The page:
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Cultivating New Voices Among Scholars of Color - Previous Revision

Cultivating New Voices Among Scholars of Color (CNV)

  

Valerie Kinloch, The Ohio State University

 CNV Director

It is my pleasure to write to you as the New Director of the “Cultivating New Voices Among Scholars of Color” (CNV) program. CNV is a two-year mentoring program for advanced doctoral students and junior scholars (i.e., fellows) who are within the first two-to-two and a half years beyond the awarding of a doctorate degree. Funded through the Research Foundation of the National Council of Teachers of English (NCTE), CNV prides itself on supporting the professional, intellectual, and activist activities of scholars of color by pairing each fellow with a senior scholar in the field (i.e., education/teacher research; literacy, language, and cultural studies; English).  This way, fellows are afforded an opportunity to work one-on-one with a senior scholar as well as participate in a supportive cohort that brings together fellows, mentors, and invited workshop presenters.

I can still remember going to my mailbox in the Summer of 2000 and receiving a letter from NCTE. It was an invitation to participate in a recently developed program that supported new and emerging scholars of color. That program was CNV, and I was among eleven other people from various universities and at different stages in their academic career invited to be a fellow in the very first cohort (2000-2002). During our first year, much like the current programmatic structure, each fellow-mentor pair identified and/or refined research questions, theoretical frameworks, or modes of inquiry that guided our work. With our mentors and with the entire group, we exchanged perspectives, enhanced our research agendas, and confronted significant questions. These questions related to language, literacy, teacher education, and professional, personal, and community identities. Even more, we shared ideas around meanings of scholarship and productivity, on the one hand, and negotiating the multiple demands oftentimes placed on scholars of color in the academy on the other hand. In our second year, we revisited questions posed in the first year as we moved our work toward varying degrees of completion (i.e., publications; dissertation defenses; conference presentations; professional development workshops; etc). By the time we were ready to graduate from CNV at the end of our second year, many of us had already secured tenure track positions, written academic articles and books, accepted significant roles in activist organizations, and successfully defended dissertation proposals and manuscripts.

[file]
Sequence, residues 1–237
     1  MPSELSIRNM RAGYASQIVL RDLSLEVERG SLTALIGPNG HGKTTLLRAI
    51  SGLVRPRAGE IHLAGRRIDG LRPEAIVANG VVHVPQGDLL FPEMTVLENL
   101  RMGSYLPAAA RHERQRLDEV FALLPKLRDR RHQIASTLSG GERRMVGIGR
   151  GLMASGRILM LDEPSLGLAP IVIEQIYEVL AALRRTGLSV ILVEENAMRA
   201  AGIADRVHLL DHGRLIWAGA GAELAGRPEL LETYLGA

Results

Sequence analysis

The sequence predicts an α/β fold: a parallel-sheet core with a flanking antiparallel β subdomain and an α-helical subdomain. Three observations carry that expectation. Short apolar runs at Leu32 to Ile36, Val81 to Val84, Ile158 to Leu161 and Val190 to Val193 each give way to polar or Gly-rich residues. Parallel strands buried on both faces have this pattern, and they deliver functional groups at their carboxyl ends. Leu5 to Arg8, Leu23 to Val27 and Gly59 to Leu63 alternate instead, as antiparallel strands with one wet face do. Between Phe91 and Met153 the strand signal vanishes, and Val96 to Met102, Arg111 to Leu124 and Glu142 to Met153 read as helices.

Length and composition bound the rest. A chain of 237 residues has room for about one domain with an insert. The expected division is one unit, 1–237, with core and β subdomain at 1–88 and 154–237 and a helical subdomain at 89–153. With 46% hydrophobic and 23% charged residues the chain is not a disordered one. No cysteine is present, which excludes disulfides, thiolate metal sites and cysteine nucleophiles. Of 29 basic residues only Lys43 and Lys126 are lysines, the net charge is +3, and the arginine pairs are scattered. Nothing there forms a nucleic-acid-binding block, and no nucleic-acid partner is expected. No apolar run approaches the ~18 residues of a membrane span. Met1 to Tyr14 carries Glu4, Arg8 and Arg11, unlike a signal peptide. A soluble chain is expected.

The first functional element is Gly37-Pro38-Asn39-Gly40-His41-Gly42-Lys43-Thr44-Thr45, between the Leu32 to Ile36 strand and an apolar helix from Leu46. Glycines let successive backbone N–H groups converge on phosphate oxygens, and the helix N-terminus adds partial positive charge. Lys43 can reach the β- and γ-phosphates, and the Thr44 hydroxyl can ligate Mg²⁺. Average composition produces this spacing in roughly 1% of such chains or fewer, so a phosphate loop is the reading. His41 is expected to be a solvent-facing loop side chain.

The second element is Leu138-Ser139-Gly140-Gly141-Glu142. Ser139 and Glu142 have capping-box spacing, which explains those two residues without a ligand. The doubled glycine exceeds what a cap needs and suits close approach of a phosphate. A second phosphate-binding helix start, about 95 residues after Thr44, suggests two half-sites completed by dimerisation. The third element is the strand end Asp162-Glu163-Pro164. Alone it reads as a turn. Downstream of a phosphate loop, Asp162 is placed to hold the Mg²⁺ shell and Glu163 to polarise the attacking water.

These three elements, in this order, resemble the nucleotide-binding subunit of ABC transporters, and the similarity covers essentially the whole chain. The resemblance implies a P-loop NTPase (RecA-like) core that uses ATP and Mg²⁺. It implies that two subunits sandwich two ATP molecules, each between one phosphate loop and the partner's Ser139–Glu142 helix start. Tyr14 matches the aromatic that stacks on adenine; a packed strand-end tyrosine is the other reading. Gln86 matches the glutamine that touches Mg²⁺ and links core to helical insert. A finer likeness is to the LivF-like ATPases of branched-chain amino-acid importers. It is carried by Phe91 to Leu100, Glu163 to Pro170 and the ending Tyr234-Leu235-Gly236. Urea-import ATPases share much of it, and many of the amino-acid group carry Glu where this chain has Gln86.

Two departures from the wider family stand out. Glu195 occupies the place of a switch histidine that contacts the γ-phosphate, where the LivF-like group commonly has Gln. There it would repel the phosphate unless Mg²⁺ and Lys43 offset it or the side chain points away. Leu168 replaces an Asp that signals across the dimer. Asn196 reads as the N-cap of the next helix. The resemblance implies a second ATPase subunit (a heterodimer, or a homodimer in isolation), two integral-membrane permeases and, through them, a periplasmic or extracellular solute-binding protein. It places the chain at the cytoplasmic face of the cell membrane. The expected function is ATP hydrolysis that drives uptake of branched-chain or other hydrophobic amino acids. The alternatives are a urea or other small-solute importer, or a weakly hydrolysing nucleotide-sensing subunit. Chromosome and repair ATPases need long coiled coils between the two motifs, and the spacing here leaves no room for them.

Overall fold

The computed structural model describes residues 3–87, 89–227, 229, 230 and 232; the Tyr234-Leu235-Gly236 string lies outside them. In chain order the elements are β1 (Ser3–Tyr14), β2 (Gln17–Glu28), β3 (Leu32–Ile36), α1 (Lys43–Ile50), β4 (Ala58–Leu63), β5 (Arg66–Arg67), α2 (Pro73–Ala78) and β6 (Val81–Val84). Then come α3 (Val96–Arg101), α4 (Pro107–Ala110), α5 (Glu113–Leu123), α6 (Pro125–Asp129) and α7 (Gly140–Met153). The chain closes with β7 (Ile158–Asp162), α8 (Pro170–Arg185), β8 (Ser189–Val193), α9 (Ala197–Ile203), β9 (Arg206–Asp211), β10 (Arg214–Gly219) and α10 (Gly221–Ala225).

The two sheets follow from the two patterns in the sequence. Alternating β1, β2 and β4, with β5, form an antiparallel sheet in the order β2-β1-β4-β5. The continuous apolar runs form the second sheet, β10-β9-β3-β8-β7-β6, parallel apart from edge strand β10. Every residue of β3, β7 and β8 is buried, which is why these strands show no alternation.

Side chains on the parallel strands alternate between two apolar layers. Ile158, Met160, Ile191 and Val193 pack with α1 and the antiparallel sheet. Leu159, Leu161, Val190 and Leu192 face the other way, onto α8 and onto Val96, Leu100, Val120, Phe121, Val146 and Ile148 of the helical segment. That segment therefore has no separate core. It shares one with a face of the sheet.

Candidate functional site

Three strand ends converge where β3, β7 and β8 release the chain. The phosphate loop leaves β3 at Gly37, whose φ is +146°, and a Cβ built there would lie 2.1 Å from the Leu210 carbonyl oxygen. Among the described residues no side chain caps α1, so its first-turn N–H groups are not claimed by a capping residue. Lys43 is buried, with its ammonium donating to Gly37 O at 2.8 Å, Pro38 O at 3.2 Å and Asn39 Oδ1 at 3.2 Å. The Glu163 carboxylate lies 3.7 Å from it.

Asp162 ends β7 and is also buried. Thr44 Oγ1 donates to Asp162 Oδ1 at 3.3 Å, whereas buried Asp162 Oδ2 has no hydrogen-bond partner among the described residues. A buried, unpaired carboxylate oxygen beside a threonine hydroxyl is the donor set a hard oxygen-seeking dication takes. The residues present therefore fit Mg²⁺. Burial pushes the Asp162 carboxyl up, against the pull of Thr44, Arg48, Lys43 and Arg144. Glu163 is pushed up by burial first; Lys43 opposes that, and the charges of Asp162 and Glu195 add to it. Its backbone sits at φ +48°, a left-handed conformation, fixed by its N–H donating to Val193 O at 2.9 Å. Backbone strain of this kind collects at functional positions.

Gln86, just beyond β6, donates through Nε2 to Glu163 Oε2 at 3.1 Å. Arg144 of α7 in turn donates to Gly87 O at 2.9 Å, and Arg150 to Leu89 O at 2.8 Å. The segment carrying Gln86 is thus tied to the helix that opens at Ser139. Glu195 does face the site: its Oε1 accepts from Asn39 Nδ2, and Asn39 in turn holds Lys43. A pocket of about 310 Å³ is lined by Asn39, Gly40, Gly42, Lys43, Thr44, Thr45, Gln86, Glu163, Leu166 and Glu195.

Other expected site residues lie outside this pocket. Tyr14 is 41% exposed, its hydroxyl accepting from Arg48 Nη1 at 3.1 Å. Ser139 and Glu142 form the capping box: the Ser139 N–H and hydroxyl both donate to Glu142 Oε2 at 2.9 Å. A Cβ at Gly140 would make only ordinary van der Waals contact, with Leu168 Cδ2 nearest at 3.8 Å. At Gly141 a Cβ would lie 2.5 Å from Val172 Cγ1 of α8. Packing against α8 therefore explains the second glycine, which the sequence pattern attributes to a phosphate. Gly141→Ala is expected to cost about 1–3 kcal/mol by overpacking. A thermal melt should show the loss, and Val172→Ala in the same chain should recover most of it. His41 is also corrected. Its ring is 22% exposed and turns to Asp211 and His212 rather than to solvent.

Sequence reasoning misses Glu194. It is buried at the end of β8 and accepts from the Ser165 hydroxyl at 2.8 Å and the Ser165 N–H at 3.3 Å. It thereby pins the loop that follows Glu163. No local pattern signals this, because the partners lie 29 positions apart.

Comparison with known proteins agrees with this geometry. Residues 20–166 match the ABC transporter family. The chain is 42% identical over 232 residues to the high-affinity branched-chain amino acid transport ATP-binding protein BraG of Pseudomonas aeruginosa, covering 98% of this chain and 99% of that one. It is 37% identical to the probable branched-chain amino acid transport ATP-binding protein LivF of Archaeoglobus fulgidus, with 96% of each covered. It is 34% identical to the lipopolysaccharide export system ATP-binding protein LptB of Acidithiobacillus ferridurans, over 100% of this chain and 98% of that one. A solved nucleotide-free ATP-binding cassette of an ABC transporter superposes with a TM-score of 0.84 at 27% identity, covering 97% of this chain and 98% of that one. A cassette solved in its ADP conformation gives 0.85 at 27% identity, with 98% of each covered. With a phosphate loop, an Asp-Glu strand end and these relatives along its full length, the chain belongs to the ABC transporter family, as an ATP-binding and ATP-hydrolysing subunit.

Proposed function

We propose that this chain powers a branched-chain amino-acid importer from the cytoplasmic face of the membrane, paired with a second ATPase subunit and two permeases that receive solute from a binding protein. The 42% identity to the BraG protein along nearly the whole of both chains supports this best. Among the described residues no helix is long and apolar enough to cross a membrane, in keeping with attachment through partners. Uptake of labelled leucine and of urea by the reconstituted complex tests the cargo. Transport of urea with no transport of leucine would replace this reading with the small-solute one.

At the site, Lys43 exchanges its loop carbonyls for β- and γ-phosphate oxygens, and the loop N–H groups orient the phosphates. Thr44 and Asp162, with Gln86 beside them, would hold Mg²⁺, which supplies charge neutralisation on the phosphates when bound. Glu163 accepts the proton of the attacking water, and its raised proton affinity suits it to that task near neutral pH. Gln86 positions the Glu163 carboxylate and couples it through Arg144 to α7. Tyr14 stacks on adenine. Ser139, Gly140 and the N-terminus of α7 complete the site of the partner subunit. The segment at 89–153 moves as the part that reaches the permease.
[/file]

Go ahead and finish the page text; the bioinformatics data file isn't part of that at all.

It was an honor for me to be a part of this first cohort, and, a few years later, to be invited to serve as a mentor to a new fellow. Now, as the Director of CNV, I plan on continuing the tradition established by members of the Research Foundation who first conceived of this program as well as by past directors, Professors Peter Smagorinsky and Maria Franquiz. That is, I plan to continue collaborating with scholars, practitioners, and activists in order to support the work of our fellows of color. Each fall at the annual NCTE convention, CNV sponsors a full-day working institute for fellows and mentors. We invite scholars from the convention’s host city to talk with us about their research and to answer questions we may have about being active members in the academy and community. Additionally, each spring, CNV sponsors a working institute for fellows and mentors at a host university, which serves as a follow-up to the fall meeting. These events—our fall and spring institutes—paired with ongoing conversations that occur outside of our scheduled meetings and the lasting relationships that extend beyond CNV are significant. They are the basis of the program’s success and longevity. 

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